Guinean leader Alpha Conde was on track to win re-election in the first round of the country's contested presidential election, partial results showed Thursday, as his main rival said he was pulling out of the poll "farce".
The opposition has said that Sunday's vote, only the second democratic presidential poll since Guinea gained independence from France in 1958, was marred by widespread fraud and mismanagement, and demanded a re-run.
Preliminary results from the vast majority of the ballots cast showed Conde ahead of main rival Cellou Dalein Diallo with the six other candidates trailing behind, the Independent National Electoral Commission (CENI) said.
Announcing the results from 21 of the country's 33 prefectures, the commission said Conde had garnered some 1.95 million votes, compared to around 880,000 for Diallo.
Conde would need around 2.25 million votes to win an absolute majority and make good on his campaign pledge to deliver a "KO blow" to the opposition by sealing a first-round victory.
The final tally incorporating results from the last remaining polling stations, including areas in the capital seen as opposition strongholds, was expected to be announced late Friday.
Turnout in the election was high, with almost 75 percent of the country's six million voters casting their ballot, according to the electoral commission.
Diallo pulled out of the election on Wednesday, with his spokesman Aboubacar Sylla saying the former prime minister would "put an end to his participation in the current electoral process", dismissing it as "an election farce".
His party would "use all legal means, including peaceful demonstrations... to protest against the denial of democracy and justice for which the current authorities are to blame", Sylla said.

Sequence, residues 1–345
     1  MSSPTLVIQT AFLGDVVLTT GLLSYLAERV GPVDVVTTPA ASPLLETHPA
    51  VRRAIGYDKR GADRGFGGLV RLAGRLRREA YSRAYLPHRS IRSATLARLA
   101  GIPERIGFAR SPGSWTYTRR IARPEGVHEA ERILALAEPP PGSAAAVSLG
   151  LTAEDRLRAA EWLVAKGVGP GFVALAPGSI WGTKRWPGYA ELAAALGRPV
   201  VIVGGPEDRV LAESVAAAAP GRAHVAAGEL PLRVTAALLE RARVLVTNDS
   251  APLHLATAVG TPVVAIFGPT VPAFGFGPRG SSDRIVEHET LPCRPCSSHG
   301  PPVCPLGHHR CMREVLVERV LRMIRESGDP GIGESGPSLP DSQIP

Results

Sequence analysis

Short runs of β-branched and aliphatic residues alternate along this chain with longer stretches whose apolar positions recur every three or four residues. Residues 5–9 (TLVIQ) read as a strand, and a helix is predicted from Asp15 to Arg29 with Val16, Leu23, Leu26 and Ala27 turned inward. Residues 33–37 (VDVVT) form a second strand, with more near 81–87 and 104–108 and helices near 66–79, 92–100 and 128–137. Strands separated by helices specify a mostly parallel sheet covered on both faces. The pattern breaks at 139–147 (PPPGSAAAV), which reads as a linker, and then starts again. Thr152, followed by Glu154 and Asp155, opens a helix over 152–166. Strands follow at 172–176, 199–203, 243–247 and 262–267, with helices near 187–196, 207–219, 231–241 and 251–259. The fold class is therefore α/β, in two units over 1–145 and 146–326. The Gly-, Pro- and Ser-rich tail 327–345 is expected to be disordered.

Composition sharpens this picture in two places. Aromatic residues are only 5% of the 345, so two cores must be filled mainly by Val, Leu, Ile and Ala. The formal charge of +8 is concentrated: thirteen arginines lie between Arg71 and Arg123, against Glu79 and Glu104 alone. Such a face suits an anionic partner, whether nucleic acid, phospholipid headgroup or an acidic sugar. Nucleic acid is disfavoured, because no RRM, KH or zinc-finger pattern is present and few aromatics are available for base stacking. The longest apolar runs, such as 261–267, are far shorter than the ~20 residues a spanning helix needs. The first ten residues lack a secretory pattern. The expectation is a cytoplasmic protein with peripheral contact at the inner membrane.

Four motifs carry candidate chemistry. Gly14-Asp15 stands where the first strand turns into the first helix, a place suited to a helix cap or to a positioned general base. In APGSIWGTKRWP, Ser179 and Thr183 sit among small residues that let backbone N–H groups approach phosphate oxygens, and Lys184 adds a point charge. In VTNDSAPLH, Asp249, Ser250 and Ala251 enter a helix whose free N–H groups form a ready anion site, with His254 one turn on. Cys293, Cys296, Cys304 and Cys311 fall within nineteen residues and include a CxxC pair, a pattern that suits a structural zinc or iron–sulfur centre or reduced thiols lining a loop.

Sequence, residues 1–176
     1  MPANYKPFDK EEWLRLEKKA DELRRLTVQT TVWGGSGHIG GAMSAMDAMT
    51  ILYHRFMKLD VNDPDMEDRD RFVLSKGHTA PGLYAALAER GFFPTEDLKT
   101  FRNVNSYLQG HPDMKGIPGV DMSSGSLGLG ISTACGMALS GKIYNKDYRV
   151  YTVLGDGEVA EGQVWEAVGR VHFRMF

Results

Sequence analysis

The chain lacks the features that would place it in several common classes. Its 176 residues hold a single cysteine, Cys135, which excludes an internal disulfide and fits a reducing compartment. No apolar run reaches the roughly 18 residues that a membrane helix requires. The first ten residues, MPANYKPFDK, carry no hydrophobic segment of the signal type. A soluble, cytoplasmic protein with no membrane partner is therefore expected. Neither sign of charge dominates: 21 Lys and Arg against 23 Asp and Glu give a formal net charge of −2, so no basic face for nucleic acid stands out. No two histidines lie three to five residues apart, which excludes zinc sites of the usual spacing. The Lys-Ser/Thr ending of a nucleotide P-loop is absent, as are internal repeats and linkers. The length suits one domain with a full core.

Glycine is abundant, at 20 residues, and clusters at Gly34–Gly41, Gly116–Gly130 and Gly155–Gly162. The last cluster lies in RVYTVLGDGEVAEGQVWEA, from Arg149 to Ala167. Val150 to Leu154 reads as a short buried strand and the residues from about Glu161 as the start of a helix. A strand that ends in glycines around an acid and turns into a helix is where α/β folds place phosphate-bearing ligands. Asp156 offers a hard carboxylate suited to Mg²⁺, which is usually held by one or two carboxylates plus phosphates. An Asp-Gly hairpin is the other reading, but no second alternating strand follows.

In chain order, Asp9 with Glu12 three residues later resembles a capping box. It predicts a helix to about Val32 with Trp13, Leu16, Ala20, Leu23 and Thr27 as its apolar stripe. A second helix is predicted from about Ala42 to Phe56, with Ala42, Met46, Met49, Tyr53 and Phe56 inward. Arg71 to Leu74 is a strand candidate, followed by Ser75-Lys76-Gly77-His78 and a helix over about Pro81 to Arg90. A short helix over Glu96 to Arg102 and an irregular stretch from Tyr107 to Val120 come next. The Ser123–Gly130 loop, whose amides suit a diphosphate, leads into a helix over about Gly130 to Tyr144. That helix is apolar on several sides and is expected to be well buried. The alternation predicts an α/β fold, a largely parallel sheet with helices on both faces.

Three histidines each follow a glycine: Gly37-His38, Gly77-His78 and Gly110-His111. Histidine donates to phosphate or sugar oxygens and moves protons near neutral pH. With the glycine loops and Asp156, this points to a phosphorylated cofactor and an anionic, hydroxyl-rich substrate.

It was not immediately clear what Diallo's withdrawal would mean if the election goes to a second round run-off.
Diallo himself had earlier dubbed the vote "a masquerade, a massive fraud throughout the day".
The election has raised tensions in the west African country, with around a dozen people killed in clashes between the two main rival camps ahead of the October 11 vote.
The country's first free presidential vote in 2010, won by Conde, 77, in a run-off against Diallo, 63, was also tainted by accusations of fraud and violence, as were legislative polls three years later.
The head of the European Union observer mission team Frank Engel said his team would remain in Guinea "until the definitive conclusion of the electoral process, including possible challenges."
The EU team criticised the electoral commission for poor organisation and "lack of preparation".
Fearing more turmoil in the country, International Criminal Court prosecutor Fatou Bensouda has said she was following the situation "closely" and warned that anyone encouraging crimes could face prosecution.
"Anyone who commits, orders, incites, encourages or contributes in any other way to the commission of atrocity crimes falling within the jurisdiction of the ICC is liable to prosecution either in Guinea or at the Court in The Hague," she said in a statement.
Guinea's Foreign Minister Francois Lounceny Fall meanwhile told diplomats that the government was "concerned about demonstrations and statements that we believe could threaten social peace."
Conde spent nearly three decades in exile in France, where he led opposition to Guinea's dictatorial first president Ahmed Sekou Toure.
The founder of the Rally of Guinean People (RPG) spent several months in jail under the regime of Sekou Toure's military successor Lansana Conte.